“I don’t think we have a calling…”

Those were the words from a blog post by Seth Godin that stopped me in my tracks.

Like most Millennials, I was on a quest to find my unique purpose.

I wanted to find a career that perfectly aligned with my strengths, passions, values, and natural abilities. My personal mission was to find my mission.

I read countless books, hoping they would provide insights into what I was supposed to do. I took ability tests and skill assessments expecting they would point me in the right direction. I asked mentors and friends what they thought I should do.

I was obsessed with finding my calling, and Seth had to go and ruin it.

Give up Finding Your Calling and Start Caring Instead

However, the words that followed would provide a powerful insight that would completely change my perspective through Seth’s paradigm-shifting idea:

“I don’t think we have a calling… I do think it’s possible to have a caring. A calling implies that there’s just one thing you’re supposed to do. What we most need in our lives, though, is something worth doing, worth it because we care.”

Seth was exactly right. In the search for my calling, what I was really hoping to find is something I could give myself to completely. I was looking for a purpose that I could work tirelessly, relentlessly, and generously to fulfill despite the hard work.

Calling vs. Caring

So how do we find something worth doing because we care enough about it to give everything we have to fulfill it? Here are a few lessons I learned after I applied Seth’s approach to calling:

1. Define your values.

Often times, the things we value surface from the things that frustrate us the most. The frustrations we experience represent the space between how things are and how we want things to be. This space can help us identify our values. Sit in that space willingly (sometimes uncomfortably) without complaining. See what comes of it.

Our values influence the type of work and environment we enjoy. If you need help determining your values, think about the things that frustrate you in your current role. Is it the culture? Is it the way your boss treats others? Is there an opportunity to give back to others through your work that others seem to miss?

2. Sharpen your skills by caring for others.

When we serve others, we find opportunities that can help us unpack our unique strengths and skills. Finding our calling starts by recognizing the strengths and skills that come naturally to us and stewarding them well.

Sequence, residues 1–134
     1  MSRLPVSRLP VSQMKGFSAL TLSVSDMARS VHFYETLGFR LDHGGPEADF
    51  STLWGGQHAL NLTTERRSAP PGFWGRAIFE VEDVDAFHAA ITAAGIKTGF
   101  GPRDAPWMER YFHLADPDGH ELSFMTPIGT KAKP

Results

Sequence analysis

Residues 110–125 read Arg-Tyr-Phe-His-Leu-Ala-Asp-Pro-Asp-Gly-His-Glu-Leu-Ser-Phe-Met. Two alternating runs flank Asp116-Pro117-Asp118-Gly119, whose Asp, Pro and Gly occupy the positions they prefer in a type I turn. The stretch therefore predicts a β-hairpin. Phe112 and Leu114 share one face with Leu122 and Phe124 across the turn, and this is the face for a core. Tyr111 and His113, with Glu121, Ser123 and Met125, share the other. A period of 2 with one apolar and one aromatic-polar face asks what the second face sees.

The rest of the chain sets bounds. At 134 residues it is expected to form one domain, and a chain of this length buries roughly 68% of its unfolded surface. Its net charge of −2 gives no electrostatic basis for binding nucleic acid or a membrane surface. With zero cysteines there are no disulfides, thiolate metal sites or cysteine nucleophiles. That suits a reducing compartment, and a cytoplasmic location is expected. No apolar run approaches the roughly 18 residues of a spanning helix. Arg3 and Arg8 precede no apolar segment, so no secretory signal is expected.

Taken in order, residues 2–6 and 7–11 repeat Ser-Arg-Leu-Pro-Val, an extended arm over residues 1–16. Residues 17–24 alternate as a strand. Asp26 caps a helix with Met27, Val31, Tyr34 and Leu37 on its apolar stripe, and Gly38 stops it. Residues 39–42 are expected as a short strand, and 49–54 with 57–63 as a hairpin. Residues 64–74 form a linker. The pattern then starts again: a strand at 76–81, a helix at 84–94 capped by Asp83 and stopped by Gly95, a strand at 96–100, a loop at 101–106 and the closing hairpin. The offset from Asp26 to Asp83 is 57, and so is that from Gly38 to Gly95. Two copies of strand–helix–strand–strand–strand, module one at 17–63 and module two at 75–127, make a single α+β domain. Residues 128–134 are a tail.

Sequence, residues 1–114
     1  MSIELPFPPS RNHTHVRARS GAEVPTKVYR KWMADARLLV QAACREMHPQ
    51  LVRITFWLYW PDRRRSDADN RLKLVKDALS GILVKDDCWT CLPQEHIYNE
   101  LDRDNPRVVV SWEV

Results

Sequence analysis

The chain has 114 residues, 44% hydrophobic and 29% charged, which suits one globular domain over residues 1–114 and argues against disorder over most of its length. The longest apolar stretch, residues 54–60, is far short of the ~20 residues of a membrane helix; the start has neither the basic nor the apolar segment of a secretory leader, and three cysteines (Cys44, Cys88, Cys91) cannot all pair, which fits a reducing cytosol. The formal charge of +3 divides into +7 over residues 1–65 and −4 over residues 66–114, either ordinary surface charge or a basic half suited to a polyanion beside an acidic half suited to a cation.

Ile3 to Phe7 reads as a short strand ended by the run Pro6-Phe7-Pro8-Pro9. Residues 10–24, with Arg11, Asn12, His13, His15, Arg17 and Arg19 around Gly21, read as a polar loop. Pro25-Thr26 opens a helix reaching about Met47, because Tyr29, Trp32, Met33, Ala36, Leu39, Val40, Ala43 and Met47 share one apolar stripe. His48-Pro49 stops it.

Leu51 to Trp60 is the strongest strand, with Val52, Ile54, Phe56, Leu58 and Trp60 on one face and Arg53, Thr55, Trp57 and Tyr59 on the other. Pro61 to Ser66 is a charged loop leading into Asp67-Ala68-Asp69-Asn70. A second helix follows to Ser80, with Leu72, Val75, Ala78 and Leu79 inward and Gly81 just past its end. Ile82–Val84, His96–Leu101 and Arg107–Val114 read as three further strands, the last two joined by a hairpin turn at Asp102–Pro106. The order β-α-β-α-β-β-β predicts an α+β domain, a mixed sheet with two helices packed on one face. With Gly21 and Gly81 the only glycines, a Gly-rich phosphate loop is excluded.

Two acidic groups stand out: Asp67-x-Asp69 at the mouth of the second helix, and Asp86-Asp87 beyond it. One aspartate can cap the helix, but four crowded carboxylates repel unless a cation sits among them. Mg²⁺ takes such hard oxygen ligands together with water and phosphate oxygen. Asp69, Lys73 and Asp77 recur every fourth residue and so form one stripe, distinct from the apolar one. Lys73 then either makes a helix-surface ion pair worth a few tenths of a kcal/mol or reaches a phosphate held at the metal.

Be intentional about using our natural abilities to help others. Spend your downtime at work and home helping others accomplish things that you find easy. It could be something as simple as helping your boss arrange his outline for an upcoming presentation or showing a co-worker how to navigate through a conflict with a customer.

3. Act on small opportunities to give relentlessly to others.

I believe every day we’re presented with small opportunities to act out boldly in generosity. In order to respond in these moments though, we must first acknowledge and deny our gut instinct reactions of self-interest and preservation of comfort. If we don’t, it becomes all too easy to keep our head down and walk on by. But it’s worth the extra effort.

If you’ve got extra income one month, give it to a friend who is launching a project that resonates with your values. Stop to have an actual conversation with the homeless person you rush past on your way into the office. Pick up the check at lunch with a co-worker instead of splitting it like usual.

Taking the posture of relentless generosity helps us get closer to finding our own true purpose. Or in other words: your purpose will be found in your generosity.

Are You Ready to Find Your Calling?

As I started applying these principles in the search for my calling, things began to unfold. I started recognizing abilities that came naturally to me. I began to find work I was truly passionate about doing.

Our calling might change throughout your lives. However, we’ll always be moving in the right direction when we pursue something we care about enough to give everything we have to fulfill it.

We've been conditioned to believe that

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